Her father, Pinchas (Eric J. Olson), is a struggling tailor living on dreams, while her mother, Yutka (Lori Ecker), tries to keep his ambitions grounded. Meanwhile, family friend and government policeman Arturo (Carlos Medina Maldonado) promises to help them through his connections.

Rebecca befriends the family’s black Cuban maid, Maria (Teneh B.C. Karimu), who worries about the fate of her son, Teo (Ray Hutchins), who has joined the Revolutionaries. While praying for her son’s safe return, Maria introduces Rebecca to her faith in the goddess Yemaya, and at a time when the Hebrew god seems so distant, this local deity feels more responsive when it seems, at first, that things are changing for the better.

But the faith and humanity of all are tested when Teo arrives at the family home, injured, and hunted by authorities seeking to execute him. Yutka confronts conflicting urges to protect the man or to turn him away and protect her family, while remembering what happened to her and her sister (Betsy Norton) when they were betrayed to the Nazis in Hungary.

The cast also features Wheeler Castaneda, Rob Johansen, and Paul Nicely as Cuban President Fulgencio Batista.

The songs and music (under the musical direction of Karimu) flow nicely with the story. Under the steady hand of director Bryan Fonseca, the gripping drama of people caught in the changing tides of history keeps the focus on the heroic and tragic stories of individuals rather than the background events – a good thing, since neither the doomed Batista regime nor the imminent Castro victory are celebrated by history.

Burke gives us an appealing and endearing character. Hutchins reveals the pain that informs Teo’s choices. Olson’s happy optimist and Ecker’s pragmatic pessimist show how opposites do attract and make a family we can root for. Maldonado also does well in his layered portrayal of a man of mixed loyalties. Nicely shows his skill in revealing just enough humanity in a cold-hearted character to make him truly frightening.

As Rebecca says, stories matter, and “The Golem of Havana” matters not just as a Jewish story or a Cuban story, but also as a human story. It runs through July 16 on the Phoenix mainstage at 749 N. Park Ave. (corner of Park and St. Clair) in downtown Indy. Call 317-635-7529 or visit phoenixtheatre.org.

Review: ‘Passion’ on TOTS stage

By John Lyle Belden

“Beauty is power,” we are told. But what if one is not beautiful; how does she get what she desires?

This question is at the heart of Stephen Sondheim’s musical, “Passion,” playing through March 26 at Theatre on the Square.

In a past era, Italian army officer Giorgio (Scott Russell) has found love with Clara (Jessica Hawkins), who is inconveniently married. He is assigned to a new post, where, while meeting the other officers, he learns that a woman, Fosca (Lori Ecker), lives in the quarters of the commanding Colonel (Norman Brandenstein), her cousin.

Fosca suffers from unspecified mental and physical ailments, leaving her weak and enhancing her unattractiveness. Giorgio takes pity on her, and being the only man to show her true kindness, she falls in love with him. His heart is with Clara, but Fosca’s persistence starts to affect him.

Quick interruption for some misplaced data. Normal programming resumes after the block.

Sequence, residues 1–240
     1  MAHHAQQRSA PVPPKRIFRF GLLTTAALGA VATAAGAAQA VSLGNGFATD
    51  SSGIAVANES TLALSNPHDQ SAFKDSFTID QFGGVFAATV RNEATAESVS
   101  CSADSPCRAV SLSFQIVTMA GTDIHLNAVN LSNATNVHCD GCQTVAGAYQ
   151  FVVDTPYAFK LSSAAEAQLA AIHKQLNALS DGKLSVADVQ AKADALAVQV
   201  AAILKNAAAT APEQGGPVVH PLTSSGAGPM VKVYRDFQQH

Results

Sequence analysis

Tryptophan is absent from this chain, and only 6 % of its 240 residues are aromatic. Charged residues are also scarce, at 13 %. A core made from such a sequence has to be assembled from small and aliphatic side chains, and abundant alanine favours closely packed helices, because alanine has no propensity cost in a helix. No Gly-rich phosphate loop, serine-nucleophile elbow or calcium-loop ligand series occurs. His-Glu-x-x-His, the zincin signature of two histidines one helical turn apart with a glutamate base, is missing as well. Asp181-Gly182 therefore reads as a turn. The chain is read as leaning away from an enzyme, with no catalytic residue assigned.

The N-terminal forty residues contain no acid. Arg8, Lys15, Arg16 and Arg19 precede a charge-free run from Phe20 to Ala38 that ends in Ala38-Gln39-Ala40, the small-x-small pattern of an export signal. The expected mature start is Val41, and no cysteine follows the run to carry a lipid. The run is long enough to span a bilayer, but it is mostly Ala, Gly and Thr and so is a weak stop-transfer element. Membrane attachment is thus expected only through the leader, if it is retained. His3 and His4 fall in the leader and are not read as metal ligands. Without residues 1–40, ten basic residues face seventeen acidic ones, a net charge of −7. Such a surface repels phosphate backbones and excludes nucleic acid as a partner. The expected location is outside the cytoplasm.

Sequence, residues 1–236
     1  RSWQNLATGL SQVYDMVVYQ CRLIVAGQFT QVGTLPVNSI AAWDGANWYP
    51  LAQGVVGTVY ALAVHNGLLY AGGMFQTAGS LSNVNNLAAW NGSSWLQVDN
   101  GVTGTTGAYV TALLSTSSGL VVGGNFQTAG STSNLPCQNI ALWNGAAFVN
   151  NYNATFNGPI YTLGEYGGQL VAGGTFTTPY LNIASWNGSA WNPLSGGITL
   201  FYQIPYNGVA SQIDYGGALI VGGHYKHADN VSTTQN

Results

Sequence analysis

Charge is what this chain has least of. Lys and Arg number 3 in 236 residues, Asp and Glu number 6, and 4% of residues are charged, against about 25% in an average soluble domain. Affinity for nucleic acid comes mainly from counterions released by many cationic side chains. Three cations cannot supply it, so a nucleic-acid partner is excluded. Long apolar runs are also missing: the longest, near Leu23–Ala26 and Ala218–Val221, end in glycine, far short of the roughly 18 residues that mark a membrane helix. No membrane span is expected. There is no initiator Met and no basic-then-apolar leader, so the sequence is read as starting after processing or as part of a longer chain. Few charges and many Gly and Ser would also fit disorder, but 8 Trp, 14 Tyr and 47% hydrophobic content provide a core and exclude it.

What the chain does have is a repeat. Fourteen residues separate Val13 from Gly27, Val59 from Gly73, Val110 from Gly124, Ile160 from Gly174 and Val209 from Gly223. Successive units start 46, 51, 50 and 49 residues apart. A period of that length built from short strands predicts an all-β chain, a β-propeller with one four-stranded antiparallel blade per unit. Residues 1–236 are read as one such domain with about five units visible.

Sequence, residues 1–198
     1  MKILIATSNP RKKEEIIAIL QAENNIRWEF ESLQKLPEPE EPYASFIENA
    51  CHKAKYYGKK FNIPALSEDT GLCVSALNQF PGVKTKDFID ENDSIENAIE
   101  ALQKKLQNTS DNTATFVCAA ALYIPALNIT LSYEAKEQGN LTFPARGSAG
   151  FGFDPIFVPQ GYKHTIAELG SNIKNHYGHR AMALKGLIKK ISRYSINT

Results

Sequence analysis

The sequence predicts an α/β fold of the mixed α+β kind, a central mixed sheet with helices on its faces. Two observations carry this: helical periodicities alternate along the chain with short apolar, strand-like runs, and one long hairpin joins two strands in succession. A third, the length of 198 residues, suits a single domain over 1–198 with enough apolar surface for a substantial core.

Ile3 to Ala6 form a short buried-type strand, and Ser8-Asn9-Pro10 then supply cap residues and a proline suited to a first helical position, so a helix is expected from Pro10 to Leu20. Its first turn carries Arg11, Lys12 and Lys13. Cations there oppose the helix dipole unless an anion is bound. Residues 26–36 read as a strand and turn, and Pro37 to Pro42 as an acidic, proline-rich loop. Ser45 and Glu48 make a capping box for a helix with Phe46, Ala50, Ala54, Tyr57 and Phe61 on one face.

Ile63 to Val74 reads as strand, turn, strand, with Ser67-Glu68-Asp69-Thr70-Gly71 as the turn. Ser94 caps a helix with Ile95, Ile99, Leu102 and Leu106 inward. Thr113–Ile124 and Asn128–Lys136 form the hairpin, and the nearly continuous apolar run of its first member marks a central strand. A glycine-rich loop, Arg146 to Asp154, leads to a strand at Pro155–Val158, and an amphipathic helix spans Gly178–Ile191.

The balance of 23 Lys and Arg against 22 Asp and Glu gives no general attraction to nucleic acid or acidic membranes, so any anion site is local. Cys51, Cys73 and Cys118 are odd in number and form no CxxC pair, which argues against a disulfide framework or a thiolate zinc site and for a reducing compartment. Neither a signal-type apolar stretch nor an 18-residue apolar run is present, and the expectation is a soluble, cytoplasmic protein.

Is Fosca manipulative and cruel, or misunderstood and seeking affection the only way she knows how? Do Giorgio’s acts and reactions show weakness, or tested inner strength? The answers audiences must decide for themselves, and Ecker and Russell don’t make it easy with their nuanced performances.

Fosca is more plain than ugly, in a long, black, shapeless dress with minimal makeup and hair severely pulled back; but in her era as in ours, to look so ordinary is enough, coupled with her odd demeanor and an attitude that hints at a lack of inner beauty as well. Still, Ecker can’t help but shine and makes us feel for her, even when other characters can’t or won’t.

Clara, on the other hand, has bright dresses, colorful makeup and an angelic demeanor (she even knows Giorgio is friends with Fosca) that lets you forget she’s an adulteress; and Hawkins gives her a clear, charming voice and easy smile.

Russell plays Giorgio as the eager, loyal hound who rests easy at Clara’s feet and is devoted to the troops he serves with and over. Such qualities are easily misunderstood and abused by Fosca, who drives him to physical illness that seems to mirror her own.

This musical is not known for its catchy showtunes, but for possibly being Sondheim’s most complex romantic story, a show he counted among his favorites in interviews for “Sondheim on Sondheim.” To judge for yourself, see “Passion” at TOTS, 627 Massachusetts Ave. in downtown Indy. Call 317-685-8687 or see www.tots.org.

(Review also posted on The Word.)

 

Fringe review: Home Grown Original

By John Lyle Belden

Let us simplify your expectations. Ironically, “Home Grown Originals,” at the IndyFringe Basile Theatre, stretches the concept of a “Fringe show” by not being edgy or avant garde or having some odd agenda. It’s straightforward: a group of eight friends playing some really good Hoosier-made music.

Alex “Tunesmith” Murphy recently wrote a bunch of songs, then recorded them with his ensemble, the Band O’Leers. Now he presents these rockabilly-country-blues tunes on the IndyFringe Basile stage, featuring vocals by Murphy, Tim Spradlin and Lori Ecker.

It’s an entertaining crowd-pleasing set, featuring oughta-be-hits like “Kiss Me Like You Mean it,” “Future Ex-Wife” (feel free to sing along on the chorus) and “You’re only Human if you Try.” If guitars and a corny joke or two are your bag, head on over and give them a listen.

The CD of the songs is also available, featuring vocals by local legend Karen Irwin.